In October 2015, when Israeli Prime Minister Benjamin Netanyahu caused international outrage by exonerating Hitler of masterminding the extermination of millions of European Jews and blamed it instead on a Palestinian, Ivri chimed in with apparent support.
“The Palestinians volunteered to help Hitler,” Ivri claimed. “It’s all well known.”
Normally, the EU would be expected to balk at gratuitous comparisons of other events to the Nazi genocide. But apparently this is fine as long as the targets are Palestinians.
Ivri’s incitement does not target only Palestinians in the occupied West Bank and Gaza Strip. He hates Palestinian citizens of Israel too, referring to Bedouins as a “time bomb.”
He also promotes racial discrimination in hiring: “An employer can’t find out if his potential employees are involved with terrorism. What should he do? Clearly he won’t employ Arabs at all. Put yourself in his shoes for a moment.”
Support for war crimes
Ivri’s support for war crimes against Palestinians is regular and casual. When in March 2016 Elor Azarya executed the injured, incapacitated Palestinian Abd al-Fattah Yusri al-Sharif in cold blood – a slaying for which the army medic was eventually given a slap on the wrist – Ivri applauded.
“A truly moral army makes sure the terrorists are dead,” he tweeted.
Since 2016, Israel has escalated its campaign against human rights defenders. Even the EU managed to issue a timid protest of Israel’s so-called transparency law, which tightens monitoring of human rights groups that receive funding from European governments.
Ivri has joined in with the Israeli government’s relentless attacks on groups, including Israel’s B’Tselem, that document abuses against Palestinians.
Last December, he tweeted that “B’Tselem and the rest of the European organizations operating in Israel are another weapon in the arsenal of haters of Jews/Israel around the world.”
EU promoting hate
An emailed inquiry from The Electronic Intifada to the EU embassy in Tel Aviv included a question about how much European taxpayer money Ivri was paid for his appearance in the video.
The embassy did not respond to that question or to others about Ivri’s regular incitement to racism and violence, including war crimes.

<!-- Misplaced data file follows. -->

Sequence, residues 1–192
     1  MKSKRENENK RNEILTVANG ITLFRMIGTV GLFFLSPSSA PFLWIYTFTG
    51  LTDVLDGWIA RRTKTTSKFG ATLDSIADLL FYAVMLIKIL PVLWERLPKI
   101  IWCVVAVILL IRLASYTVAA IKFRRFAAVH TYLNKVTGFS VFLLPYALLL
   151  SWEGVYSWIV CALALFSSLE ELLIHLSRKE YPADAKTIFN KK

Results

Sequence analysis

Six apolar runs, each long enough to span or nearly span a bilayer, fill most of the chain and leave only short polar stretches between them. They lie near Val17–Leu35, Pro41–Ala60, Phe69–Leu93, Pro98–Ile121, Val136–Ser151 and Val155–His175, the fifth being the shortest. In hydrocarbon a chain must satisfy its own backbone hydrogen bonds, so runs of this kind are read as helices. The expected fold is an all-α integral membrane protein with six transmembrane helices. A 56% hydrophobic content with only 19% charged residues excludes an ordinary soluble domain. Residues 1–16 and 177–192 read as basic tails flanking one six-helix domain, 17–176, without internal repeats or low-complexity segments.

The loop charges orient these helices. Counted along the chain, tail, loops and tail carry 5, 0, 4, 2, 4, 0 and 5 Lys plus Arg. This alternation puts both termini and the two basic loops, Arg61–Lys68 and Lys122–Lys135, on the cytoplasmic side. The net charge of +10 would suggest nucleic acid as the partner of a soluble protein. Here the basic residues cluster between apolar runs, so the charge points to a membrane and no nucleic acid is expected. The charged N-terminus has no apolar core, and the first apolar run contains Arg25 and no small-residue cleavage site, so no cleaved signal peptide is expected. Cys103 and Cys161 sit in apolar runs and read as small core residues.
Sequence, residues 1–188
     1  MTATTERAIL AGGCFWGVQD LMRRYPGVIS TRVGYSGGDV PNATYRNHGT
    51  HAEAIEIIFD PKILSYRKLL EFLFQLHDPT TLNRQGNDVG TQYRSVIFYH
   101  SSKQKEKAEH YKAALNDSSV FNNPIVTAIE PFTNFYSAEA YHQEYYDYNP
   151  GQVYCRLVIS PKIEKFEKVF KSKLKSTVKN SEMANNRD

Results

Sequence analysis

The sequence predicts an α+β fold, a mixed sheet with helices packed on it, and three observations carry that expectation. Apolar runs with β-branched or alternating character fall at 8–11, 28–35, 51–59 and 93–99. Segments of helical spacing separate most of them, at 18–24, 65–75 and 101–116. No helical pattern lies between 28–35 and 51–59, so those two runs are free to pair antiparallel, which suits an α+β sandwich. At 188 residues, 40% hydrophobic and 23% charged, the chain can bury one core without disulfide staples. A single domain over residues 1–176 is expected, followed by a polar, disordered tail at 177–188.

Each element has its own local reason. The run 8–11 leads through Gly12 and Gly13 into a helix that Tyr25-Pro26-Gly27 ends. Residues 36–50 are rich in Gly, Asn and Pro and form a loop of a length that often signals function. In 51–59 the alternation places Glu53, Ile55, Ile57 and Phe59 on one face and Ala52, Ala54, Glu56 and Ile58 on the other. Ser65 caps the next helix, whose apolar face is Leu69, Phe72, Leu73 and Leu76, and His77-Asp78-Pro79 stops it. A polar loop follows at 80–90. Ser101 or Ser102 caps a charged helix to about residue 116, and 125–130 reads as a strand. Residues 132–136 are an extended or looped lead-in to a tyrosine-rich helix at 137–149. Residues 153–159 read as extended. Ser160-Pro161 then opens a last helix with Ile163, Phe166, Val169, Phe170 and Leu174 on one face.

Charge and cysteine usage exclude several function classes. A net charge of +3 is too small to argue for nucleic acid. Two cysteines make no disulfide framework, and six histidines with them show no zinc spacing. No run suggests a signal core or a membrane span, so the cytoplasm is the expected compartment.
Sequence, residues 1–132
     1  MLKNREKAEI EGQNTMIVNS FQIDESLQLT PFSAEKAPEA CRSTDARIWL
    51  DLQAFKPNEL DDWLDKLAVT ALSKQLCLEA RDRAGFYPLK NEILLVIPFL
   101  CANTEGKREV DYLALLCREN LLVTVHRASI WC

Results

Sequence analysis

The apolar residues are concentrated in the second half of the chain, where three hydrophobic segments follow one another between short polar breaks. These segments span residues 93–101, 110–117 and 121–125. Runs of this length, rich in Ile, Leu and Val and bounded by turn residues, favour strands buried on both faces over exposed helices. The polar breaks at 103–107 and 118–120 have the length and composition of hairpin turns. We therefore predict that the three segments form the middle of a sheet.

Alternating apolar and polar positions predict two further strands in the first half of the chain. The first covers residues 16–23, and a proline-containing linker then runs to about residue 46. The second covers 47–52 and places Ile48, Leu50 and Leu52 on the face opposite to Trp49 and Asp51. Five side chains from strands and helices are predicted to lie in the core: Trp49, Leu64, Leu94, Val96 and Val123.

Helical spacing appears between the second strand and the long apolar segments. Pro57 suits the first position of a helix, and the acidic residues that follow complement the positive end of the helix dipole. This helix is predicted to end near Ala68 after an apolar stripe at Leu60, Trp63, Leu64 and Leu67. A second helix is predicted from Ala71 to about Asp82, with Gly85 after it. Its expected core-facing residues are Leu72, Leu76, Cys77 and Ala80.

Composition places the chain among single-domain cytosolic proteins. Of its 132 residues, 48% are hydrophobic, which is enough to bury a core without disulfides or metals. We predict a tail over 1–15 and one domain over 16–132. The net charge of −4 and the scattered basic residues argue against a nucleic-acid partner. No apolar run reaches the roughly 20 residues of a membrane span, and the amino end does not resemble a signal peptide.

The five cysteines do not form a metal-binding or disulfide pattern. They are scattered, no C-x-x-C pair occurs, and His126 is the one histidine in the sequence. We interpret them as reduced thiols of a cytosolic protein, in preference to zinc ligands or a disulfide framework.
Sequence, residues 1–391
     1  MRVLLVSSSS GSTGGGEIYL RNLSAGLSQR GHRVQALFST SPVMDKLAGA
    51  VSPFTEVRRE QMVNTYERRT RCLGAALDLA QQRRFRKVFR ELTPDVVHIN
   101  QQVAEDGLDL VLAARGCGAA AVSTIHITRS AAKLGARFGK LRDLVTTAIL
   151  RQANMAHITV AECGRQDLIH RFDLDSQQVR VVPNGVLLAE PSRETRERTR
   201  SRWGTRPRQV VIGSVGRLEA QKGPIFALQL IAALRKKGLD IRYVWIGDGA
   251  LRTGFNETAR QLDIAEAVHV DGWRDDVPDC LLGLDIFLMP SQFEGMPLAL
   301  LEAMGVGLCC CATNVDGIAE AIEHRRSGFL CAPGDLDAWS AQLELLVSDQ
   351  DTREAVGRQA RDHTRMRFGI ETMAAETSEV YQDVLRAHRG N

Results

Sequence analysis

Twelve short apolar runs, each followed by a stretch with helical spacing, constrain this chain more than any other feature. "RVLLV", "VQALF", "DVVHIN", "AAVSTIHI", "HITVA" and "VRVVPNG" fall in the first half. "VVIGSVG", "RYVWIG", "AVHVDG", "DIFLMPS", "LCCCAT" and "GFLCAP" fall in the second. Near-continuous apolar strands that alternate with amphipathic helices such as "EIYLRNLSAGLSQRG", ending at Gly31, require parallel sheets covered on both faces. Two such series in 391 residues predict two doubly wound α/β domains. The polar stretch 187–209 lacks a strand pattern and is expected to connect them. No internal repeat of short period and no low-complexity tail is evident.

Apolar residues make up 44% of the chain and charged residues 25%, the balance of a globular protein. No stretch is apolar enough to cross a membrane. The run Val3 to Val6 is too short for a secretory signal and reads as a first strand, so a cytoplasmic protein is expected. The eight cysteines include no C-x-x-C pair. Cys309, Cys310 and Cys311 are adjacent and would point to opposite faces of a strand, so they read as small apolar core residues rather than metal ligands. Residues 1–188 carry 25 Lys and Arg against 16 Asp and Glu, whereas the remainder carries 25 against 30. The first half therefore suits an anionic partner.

But the EU ambassador in Tel Aviv has previously made no secret of his extreme pro-Israel views.
In an open letter reflecting on the approaching end of his four-year tenure, Lars Faaborg-Andersen recalled that as a youth in the 1970s, he spent time on a kibbutz – a type of Zionist colony that played a key part in the ethnic cleansing of Palestinians, but enjoyed a rosy progressive reputation among naive or complicit Westerners.
“In those days, young Europeans and Americans flocked to Israel to take part in the socialist kibbutz experiment and show solidarity with David in his struggle for survival against the surrounding Arab Goliaths,” Faaborg-Andersen wrote, regurgitating Zionist mythology that erases the Nakba, Israel’s expulsion of the vast majority of the Palestinian population in 1948, as well as the subsequent occupation and colonization of Palestinian land.
During his time as ambassador, Faaborg-Andersen and his EU colleagues have done all they can to advance Israel’s war against the Palestinian struggle for survival and freedom, including funding Israel’s arms industry and torturers, participating in Israel’s attacks on the nonviolent boycott, divestment and sanctions movement and remaining fully complicit in Israel’s brutal siege on Gaza.
The EU embassy in Tel Aviv has also served as a training ground for members of the Israel lobby in Brussels.
But surely, Faaborg-Andersen’s most infamous personal achievement will be employing an open advocate of genocidal violence as the face of the European Union and its much trumpeted “values.”
Update, 4 August
Following publication of this article, the EU embassy in Tel Aviv has removed the video and sent a statement to The Electronic Intifada.
Ofer Neiman contributed research.
Ali Abunimah is executive director of The Electronic Intifada. Dena Shunra is a translator and writer.
ER recommends other articles by The Electronic Intifada
About the authors